2. If the single variable cited is diagnostic between some populations, this level of differentiation falls below that recommended for diagnosing antbird species – where three diagnosable differences (not a single one) in variables for calls or songs is the usual benchmark for sympatric species (Isler et al. 1998).  (Calls were not studied here.)


3. Any splitting then relies heavily on molecular data.  The molecular study concludes impressive (>5%) differentiation between various groups in a polytomy: spodionota; amazonica+dentei; haematonota+fjeldsaai; and pyrrhonota.  However, splitting based on molecular data does not adopt a minimalistic approach to resolving the polytomy, because dentei groups with vocally similar amazonica and is not in any separate part of the polytomy but is proposed here for species rank.


There is then a highly favourable factor towards most of the splits advocated in this paper and proposal, which is almost entirely overlooked.  Two members of the polytomy, spodionota and pyrrhonota, are fully sympatric in the East Andes of Colombia.  Salaman et al. (2002) noted as follows:


"Myrmotherula spodionota, FOOTHILL ANTWREN: Ten birds were caught (one collected) in both primary and secondary growth at Alto Río Hornoyaco; five were captured and collected at Fragua (1000-1400 m); one female and 3 males were caught and collected at 1000-1460 m on the Río Rumiyaco. These are the first specimen records from Colombia; Willis (1988) reported sightings at El Paraíso, Dpto Huila in Apr 1962. The species is otherwise known from the Andean East Slope of Ecuador and Peru from 600-1300 m (Hilty & Brown 1986). Interestingly, extensive data from Ecuador indicate an elevational segregation of M. spodionota from its close relative, the Stipple-throated Antwren M. haematonota (Krabbe et al. 1999). However, both were captured in the same mist-nets at 1100 m at Alto Río Hornoyaco although they were not observed foraging together."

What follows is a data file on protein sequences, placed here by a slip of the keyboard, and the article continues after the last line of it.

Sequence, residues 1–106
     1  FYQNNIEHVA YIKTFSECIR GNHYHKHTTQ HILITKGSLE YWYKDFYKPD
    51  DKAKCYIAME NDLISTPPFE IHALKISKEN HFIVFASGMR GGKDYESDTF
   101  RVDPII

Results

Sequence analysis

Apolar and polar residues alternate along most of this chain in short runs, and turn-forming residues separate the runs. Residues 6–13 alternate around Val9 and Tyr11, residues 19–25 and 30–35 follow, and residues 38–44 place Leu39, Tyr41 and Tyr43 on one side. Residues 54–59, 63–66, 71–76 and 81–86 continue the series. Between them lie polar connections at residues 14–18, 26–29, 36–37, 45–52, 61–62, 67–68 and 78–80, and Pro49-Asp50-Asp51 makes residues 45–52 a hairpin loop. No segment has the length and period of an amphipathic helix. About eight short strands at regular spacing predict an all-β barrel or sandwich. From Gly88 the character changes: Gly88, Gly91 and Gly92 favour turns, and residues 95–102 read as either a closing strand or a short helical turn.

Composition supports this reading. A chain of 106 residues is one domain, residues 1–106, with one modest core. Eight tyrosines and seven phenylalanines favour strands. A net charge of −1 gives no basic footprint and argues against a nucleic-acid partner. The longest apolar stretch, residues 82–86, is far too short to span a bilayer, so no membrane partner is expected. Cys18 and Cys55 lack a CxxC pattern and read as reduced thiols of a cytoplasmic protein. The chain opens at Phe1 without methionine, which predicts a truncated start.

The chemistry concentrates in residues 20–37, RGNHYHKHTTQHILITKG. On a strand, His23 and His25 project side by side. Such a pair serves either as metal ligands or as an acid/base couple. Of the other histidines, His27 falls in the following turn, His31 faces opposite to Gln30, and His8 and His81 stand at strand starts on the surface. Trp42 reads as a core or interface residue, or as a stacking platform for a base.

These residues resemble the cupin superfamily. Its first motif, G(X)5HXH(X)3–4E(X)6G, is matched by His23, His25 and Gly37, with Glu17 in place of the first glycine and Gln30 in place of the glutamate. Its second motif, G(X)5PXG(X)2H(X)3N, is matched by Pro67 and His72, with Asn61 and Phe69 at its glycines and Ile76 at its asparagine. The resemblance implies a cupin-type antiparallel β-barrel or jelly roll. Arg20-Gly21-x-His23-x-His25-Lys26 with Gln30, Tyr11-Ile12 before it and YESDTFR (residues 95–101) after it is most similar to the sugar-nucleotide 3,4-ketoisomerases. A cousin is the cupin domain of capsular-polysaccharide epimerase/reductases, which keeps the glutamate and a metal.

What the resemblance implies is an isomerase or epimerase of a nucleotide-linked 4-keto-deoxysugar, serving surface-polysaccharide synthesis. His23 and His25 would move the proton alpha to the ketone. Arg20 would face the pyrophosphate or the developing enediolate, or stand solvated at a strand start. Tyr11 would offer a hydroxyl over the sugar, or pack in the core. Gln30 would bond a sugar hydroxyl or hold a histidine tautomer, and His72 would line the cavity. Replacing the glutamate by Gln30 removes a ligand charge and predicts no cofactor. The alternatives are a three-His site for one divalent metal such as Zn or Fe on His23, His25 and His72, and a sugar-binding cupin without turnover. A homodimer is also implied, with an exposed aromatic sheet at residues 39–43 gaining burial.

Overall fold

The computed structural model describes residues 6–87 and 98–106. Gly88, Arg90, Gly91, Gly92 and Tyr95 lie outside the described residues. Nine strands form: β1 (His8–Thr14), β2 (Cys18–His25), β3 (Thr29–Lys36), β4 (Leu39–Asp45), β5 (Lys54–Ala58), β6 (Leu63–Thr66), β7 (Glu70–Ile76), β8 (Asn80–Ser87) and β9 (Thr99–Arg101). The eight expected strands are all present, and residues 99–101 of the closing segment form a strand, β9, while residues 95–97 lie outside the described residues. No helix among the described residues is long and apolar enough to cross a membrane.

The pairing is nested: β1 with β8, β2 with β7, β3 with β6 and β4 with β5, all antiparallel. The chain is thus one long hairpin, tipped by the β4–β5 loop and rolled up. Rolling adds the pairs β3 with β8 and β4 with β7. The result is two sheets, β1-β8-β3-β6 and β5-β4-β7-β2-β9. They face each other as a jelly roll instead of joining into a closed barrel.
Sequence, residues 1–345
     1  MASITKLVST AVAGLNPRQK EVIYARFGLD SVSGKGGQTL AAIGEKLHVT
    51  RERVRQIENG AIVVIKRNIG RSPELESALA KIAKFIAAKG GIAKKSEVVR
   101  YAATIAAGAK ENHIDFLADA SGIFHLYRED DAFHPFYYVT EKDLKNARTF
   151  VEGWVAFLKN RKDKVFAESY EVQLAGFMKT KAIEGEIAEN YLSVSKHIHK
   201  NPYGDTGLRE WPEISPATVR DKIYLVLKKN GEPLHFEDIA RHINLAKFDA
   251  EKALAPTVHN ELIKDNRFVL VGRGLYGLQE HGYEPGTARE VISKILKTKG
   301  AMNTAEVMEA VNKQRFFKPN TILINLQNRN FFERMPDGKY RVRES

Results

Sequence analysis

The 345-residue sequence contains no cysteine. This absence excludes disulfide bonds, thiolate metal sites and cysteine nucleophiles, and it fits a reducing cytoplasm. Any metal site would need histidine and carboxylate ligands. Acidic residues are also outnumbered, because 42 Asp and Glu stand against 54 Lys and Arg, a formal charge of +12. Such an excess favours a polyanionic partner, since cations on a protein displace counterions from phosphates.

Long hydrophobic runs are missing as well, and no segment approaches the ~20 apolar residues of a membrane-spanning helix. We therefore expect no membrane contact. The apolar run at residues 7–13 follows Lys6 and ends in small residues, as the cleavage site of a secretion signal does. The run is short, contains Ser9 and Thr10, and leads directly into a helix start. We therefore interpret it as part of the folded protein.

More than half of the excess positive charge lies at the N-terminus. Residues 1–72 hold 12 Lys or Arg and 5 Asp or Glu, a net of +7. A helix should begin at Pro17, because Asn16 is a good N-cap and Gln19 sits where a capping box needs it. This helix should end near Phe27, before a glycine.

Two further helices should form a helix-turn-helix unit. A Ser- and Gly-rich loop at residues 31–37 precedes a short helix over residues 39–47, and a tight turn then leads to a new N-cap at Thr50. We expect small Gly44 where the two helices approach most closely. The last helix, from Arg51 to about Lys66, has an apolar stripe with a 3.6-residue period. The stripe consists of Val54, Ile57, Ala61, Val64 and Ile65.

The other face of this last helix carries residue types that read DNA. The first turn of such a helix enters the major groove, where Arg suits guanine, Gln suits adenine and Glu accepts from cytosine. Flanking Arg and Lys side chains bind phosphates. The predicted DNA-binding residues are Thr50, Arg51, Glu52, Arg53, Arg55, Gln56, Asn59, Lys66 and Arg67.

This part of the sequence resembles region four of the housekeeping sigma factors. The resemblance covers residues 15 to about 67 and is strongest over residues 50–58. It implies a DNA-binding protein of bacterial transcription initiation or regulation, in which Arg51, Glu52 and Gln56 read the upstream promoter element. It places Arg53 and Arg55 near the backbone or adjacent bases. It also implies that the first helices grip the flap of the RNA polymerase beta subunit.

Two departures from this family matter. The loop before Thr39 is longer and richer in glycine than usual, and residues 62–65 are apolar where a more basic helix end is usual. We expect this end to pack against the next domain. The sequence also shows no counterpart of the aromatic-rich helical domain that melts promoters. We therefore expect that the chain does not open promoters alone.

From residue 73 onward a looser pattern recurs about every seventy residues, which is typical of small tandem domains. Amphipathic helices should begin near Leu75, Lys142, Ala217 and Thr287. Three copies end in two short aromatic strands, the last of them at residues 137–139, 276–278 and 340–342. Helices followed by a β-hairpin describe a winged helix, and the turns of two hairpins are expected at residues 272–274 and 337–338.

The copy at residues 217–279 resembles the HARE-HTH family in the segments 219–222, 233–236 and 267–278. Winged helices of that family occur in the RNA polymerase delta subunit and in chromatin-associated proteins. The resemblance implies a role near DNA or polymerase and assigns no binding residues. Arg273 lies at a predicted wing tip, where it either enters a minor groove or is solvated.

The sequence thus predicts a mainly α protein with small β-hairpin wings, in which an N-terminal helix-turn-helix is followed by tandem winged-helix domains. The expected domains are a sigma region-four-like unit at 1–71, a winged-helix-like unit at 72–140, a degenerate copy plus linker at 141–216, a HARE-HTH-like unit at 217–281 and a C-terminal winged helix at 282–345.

As part of the team that captured and processed these two species following simultaneous capture in the same mist-net, I can confirm the accuracy of the notes in this paper!  Interestingly, some Colombian East slope specimens referred to by Salaman et al. (2002) from the contact zone were among those sampled for mtDNA by Whitney et al. (2013).  Consistent with observations at sites of sympatry and a lack of noted intergradation in the above study, the molecular differentiation between these forms was supported.  (E. spodionota is already recognised as a separate species by the SACC.)


Lumping all of members of the polytomy is not a viable proposition, due to spodionota and pyrrhonota being sympatric and demonstrably good species.  The logical next step to analyse species limits would be to determine vocal differentiation between the two sympatric members of the polytomy, and compare these differences to pairwise differences between other taxa in the polytomy.  However, the authors did not do this: no vocal data on spodionota is included.  We therefore do not know if this polytomy shows atypically low vocal variation but in a way consistent with the vocal variation between sympatric related antbirds.


Reading the data as its stands, splitting the polytomy does not have basis in the vocal data presented using the Isler et al. (1998) model.  Splitting of the polytomy is, however, supported by molecular results, assuming that recognising monophyletic species is virtuous, because lumping sympatric spodionota with haematonota is not viable.  New taxon dentei then emerges as a weaker candidate for species rank, as a result of it being grouped with amazonica in molecular data (and not an independent part of the polytomy), parapatric in its distribution with respect to amazonica (these replacing one another on different sides of an Amazonian river, a typical subspecies distribution pattern) and not demonstrating the level of vocal variation from amazonica as is demonstrated by sympatric antbirds.